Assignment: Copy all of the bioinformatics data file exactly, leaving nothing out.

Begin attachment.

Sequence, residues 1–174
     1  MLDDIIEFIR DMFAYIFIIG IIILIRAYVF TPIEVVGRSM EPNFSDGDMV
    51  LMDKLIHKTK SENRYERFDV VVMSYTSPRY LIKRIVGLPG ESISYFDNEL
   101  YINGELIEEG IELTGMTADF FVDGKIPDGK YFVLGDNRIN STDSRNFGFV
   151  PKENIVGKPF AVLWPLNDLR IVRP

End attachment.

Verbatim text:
Sequence, residues 1–174
     1  MLDDIIEFIR DMFAYIFIIG IIILIRAYVF TPIEVVGRSM EPNFSDGDMV
    51  LMDKLIHKTK SENRYERFDV VVMSYTSPRY LIKRIVGLPG ESISYFDNEL
   101  YINGELIEEG IELTGMTADF FVDGKIPDGK YFVLGDNRIN STDSRNFGFV
   151  PKENIVGKPF AVLWPLNDLR IVRP